New Breed of Juggernauts

NEW YORK, NY - FEBRUARY 15:  Klay Thompson #11 and Tim Duncan #21 of the Western Conference greet each other before the 64th NBA All-Star Game presented by KIA as part of the 2015 NBA All-Star Weekend on February 15, 2015 at Madison Square Garden in New Y
Andrew D. Bernstein/Getty Images

Playing any brand of basketball is much easier with great players, and, broken-record style, great players are assets the Warriors and Spurs have in ample supply. But they don't wilt when those great players step off the floor—at least not to the degree others do.

San Antonio, for example, outscores opponents by at least 11.3 points per 100 possessions with any one of its top players in the game. But the same is true when the Spurs play without them. (Their lowest off-floor net rating comes when Leonard sits, and they are still plus-9.9 in that situation.)

"The fact that we have such a deep team helps," Ginobili said in February after suffering a testicular injury, per KENS5.com's David Flores. "Even if Kawhi goes down, we have a lot of players. Of course, nobody is going to give us what Kawhi gives us. But with all that, we have a lot of players that can play multiple positions or a lot of players [at] some positions, so that gives us a lot of flexibility."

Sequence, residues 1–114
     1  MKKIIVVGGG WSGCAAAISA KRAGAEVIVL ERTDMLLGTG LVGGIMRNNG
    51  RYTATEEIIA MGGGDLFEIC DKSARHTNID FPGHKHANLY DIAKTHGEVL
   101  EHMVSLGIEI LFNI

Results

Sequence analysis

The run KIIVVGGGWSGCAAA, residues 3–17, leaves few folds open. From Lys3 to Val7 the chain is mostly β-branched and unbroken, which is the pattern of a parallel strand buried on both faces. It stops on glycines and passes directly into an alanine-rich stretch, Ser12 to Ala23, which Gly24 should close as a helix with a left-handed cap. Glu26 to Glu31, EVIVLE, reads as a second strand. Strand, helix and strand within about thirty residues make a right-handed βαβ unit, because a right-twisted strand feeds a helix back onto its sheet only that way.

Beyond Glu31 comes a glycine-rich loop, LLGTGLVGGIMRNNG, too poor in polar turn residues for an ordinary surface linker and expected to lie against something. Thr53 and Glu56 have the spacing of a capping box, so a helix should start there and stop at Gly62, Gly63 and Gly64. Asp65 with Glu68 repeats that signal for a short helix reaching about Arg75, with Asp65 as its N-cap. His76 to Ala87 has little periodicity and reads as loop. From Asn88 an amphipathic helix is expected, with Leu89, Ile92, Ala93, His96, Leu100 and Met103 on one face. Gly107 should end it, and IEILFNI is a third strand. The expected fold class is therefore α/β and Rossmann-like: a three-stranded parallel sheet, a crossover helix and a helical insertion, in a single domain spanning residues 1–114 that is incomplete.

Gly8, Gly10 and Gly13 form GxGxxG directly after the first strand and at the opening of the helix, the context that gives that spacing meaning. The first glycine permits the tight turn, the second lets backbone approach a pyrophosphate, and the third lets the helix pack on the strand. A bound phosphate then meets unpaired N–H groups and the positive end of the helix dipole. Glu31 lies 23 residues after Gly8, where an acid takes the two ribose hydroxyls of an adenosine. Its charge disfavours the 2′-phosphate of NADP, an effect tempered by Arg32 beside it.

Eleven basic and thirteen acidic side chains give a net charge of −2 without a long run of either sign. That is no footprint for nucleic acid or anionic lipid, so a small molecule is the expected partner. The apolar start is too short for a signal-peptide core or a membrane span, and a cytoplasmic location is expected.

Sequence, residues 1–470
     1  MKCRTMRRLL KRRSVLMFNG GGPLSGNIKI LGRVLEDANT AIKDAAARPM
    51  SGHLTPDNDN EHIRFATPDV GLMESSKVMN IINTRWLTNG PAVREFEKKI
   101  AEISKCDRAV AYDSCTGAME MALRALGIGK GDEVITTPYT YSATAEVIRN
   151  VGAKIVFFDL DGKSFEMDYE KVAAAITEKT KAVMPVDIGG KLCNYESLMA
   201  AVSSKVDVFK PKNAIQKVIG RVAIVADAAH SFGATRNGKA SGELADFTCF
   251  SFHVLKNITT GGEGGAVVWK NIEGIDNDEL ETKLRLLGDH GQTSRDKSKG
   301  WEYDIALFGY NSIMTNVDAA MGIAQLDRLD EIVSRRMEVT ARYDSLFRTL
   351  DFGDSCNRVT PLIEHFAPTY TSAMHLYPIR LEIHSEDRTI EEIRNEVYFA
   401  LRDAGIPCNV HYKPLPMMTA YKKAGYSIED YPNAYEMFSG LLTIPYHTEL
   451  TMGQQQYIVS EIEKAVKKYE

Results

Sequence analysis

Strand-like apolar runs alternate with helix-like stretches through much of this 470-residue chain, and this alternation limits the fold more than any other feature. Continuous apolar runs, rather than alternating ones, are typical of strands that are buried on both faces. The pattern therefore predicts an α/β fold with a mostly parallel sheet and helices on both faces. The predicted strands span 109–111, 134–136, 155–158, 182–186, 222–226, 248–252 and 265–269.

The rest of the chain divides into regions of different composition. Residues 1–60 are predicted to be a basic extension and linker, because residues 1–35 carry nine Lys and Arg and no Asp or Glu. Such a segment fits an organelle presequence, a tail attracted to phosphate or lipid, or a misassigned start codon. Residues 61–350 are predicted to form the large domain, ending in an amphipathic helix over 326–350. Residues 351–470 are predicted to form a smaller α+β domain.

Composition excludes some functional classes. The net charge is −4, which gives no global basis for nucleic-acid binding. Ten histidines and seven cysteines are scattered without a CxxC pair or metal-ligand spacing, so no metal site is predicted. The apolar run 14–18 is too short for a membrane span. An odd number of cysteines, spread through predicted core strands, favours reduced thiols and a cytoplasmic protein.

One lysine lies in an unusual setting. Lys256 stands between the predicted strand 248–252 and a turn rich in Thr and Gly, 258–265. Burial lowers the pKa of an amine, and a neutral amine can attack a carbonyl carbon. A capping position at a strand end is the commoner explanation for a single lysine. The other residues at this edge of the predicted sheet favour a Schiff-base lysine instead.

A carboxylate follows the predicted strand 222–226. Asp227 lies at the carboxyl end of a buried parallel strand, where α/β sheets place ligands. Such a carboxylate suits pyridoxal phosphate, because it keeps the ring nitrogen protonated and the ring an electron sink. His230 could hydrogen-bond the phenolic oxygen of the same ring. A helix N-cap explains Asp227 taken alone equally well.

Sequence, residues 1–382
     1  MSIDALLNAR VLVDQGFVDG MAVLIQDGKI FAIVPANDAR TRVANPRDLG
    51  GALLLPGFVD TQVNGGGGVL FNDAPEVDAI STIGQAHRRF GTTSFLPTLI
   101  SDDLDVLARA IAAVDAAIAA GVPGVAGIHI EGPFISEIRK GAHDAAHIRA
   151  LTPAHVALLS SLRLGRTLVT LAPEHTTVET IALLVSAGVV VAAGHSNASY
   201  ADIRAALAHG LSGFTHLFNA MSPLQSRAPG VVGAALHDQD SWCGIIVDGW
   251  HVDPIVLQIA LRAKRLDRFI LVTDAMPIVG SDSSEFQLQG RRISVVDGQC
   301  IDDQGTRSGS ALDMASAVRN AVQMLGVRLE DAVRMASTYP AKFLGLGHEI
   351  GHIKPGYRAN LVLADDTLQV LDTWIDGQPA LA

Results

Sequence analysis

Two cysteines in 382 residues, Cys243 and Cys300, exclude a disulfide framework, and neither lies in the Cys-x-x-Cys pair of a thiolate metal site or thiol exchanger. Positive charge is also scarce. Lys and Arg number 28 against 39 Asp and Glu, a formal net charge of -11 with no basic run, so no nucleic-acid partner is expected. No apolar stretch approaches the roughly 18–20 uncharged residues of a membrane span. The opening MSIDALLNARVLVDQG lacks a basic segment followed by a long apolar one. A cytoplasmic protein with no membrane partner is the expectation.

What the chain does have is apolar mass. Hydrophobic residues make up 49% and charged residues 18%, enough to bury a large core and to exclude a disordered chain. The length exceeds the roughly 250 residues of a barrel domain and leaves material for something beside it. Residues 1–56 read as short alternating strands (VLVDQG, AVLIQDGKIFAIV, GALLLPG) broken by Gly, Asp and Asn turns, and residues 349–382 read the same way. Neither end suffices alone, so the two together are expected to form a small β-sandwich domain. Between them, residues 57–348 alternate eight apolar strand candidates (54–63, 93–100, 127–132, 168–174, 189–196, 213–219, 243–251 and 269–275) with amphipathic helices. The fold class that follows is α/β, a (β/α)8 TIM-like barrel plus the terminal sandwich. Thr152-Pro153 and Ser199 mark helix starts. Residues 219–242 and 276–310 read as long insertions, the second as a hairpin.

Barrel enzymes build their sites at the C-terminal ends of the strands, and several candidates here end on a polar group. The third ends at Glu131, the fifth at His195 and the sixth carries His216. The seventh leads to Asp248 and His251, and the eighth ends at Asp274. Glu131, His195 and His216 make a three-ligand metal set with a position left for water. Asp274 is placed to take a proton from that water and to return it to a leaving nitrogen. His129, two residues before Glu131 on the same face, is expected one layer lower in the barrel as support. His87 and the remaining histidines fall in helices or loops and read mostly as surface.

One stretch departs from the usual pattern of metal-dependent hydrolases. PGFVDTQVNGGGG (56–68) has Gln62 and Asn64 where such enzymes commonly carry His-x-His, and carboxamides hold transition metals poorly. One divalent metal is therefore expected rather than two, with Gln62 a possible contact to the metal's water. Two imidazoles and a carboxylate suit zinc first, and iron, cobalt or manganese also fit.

Golden State is hardly struggling to survive when there are gaps in its rotation either. The Warriors have a negative net rating only when one of two players—Curry and Green—sits, and that's how it's supposed to be.

Teams should suffer when their best players ride the pine. That the absence of superstars or starting fives isn't crippling their team's performance only further validates what Golden State and San Antonio are doing:

If the era of superstar squads is coming to an end, it means even the most prominent Big Threes aren't carrying their teams as much as expected.

And they aren't. The Warriors' performance without Curry and Green and Cleveland's performance sans LeBron are exceptions—ones that only strengthen those individuals' MVP cases.

None of which cheapens what Golden State and San Antonio are doing or what their top players are worth. Both are on pace to flirt with 70 or more victories. They own two of the five best net ratings since 1983-84.

They have multiple stars.

Those stars, unlike the members of superteams in years past, are just no longer expected to go it alone.

Stats courtesy of Basketball-Reference.com and NBA.com and accurate leading into games on March 5.

Dan Favale covers the NBA for Bleacher Report. Follow him on Twitter @danfavale.